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Compare Translations for Ruth 4:8

Ruth 4:8 ASV
So the near kinsman said unto Boaz, Buy it for thyself. And he drew off his shoe.
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Ruth 4:8 BBE
So the near relation said to Boaz, Take it for yourself. And he took off his shoe.
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Ruth 4:8 CEB
Then the redeemer said to Boaz, "Buy it for yourself," and he took off his sandal.
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Ruth 4:8 CJB
So the redeemer said to Bo'az, "Buy it for yourself," and took off his shoe.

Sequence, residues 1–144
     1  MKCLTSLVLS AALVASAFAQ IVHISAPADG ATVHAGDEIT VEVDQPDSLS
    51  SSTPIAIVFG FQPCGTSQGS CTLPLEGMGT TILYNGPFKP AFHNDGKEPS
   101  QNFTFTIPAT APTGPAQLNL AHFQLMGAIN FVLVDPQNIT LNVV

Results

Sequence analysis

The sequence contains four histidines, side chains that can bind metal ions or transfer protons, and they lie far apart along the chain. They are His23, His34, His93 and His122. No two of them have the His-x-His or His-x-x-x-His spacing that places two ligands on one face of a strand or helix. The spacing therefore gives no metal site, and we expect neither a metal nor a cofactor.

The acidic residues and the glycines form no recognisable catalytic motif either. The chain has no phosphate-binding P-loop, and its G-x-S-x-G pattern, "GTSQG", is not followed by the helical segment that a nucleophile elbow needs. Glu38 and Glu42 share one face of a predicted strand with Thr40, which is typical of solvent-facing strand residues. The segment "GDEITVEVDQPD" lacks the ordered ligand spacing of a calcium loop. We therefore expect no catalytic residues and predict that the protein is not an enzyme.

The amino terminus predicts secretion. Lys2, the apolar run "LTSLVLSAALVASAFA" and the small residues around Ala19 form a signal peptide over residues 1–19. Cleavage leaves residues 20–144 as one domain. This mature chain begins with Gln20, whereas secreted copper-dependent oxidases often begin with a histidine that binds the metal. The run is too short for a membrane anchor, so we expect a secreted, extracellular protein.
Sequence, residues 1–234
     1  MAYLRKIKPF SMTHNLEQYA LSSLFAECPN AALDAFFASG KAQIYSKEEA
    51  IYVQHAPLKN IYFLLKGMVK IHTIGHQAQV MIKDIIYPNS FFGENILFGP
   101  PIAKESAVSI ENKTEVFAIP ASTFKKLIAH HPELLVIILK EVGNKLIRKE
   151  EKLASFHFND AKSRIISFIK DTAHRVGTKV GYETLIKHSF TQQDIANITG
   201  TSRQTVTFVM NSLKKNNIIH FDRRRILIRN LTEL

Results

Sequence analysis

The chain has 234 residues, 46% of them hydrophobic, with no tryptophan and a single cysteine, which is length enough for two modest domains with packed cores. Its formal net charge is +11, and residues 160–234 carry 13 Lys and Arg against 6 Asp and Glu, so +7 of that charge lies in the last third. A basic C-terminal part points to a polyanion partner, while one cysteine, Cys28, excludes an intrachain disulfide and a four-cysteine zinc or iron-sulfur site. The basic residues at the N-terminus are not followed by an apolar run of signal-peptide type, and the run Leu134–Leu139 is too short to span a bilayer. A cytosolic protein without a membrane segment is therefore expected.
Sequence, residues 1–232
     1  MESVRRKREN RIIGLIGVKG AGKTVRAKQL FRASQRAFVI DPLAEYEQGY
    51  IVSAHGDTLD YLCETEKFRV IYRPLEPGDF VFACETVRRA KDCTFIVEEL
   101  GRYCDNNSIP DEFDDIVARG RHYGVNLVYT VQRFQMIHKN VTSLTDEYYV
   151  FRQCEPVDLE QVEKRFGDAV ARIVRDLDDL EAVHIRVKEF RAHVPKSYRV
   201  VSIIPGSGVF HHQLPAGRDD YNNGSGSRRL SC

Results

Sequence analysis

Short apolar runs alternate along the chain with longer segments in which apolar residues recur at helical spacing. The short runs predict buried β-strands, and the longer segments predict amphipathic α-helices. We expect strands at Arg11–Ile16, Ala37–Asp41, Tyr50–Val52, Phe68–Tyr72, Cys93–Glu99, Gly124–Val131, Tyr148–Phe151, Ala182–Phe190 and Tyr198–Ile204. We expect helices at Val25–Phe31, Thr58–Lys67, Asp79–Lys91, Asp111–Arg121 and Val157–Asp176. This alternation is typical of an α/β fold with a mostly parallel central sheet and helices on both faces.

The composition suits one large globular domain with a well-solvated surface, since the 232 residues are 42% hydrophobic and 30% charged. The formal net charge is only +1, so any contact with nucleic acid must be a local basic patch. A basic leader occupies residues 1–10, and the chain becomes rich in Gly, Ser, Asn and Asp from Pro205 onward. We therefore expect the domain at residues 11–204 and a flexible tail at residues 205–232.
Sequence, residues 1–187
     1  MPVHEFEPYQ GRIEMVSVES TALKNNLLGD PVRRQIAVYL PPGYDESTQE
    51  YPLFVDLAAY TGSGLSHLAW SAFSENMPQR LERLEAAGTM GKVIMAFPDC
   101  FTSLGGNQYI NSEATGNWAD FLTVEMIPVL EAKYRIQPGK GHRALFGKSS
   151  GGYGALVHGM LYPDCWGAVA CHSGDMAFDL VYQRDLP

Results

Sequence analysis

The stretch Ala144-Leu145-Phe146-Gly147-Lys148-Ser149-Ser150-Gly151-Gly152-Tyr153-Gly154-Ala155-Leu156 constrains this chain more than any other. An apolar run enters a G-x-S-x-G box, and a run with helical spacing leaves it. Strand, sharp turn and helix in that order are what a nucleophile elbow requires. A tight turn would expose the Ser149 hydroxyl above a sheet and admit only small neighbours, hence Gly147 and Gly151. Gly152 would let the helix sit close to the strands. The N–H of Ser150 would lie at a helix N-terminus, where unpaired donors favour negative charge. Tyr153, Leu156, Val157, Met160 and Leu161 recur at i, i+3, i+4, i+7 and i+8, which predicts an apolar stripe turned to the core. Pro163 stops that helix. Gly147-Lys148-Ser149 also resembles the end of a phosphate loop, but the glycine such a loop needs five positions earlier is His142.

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Ruth 4:8 RHE
So Booz said to his kinsman: Put off thy shoe. And immediately he took it off from his foot.
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Ruth 4:8 ESV
So when the redeemer said to Boaz, "Buy it for yourself," he drew off his sandal.
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Ruth 4:8 GW
So when the man said to Boaz, "Buy it for yourself," he took off his sandal.
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Ruth 4:8 GNT
So when the man said to Boaz, "You buy it," he took off his sandal and gave it to Boaz.
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Ruth 4:8 HNV
So the near kinsman said to Bo`az, Buy it for yourself. He drew off his shoe.
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Ruth 4:8 CSB